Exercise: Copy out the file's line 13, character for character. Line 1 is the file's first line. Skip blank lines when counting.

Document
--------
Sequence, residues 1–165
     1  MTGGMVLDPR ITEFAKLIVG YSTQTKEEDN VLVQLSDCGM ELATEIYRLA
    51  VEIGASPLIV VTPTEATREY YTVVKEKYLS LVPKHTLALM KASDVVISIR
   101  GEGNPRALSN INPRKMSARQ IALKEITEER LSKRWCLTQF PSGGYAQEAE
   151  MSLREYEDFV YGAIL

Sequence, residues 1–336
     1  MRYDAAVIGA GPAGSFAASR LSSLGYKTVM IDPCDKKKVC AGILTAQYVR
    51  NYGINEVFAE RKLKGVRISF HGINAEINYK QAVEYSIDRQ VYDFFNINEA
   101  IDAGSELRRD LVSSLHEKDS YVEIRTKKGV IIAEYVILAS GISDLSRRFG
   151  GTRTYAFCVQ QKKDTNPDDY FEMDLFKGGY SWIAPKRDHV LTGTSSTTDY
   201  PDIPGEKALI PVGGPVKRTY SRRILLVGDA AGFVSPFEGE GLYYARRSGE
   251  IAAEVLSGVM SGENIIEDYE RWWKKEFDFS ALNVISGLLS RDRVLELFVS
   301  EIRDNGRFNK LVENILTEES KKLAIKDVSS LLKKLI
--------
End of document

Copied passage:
   301  EIRDNGRFNK LVENILTEES KKLAIKDVSS LLKKLI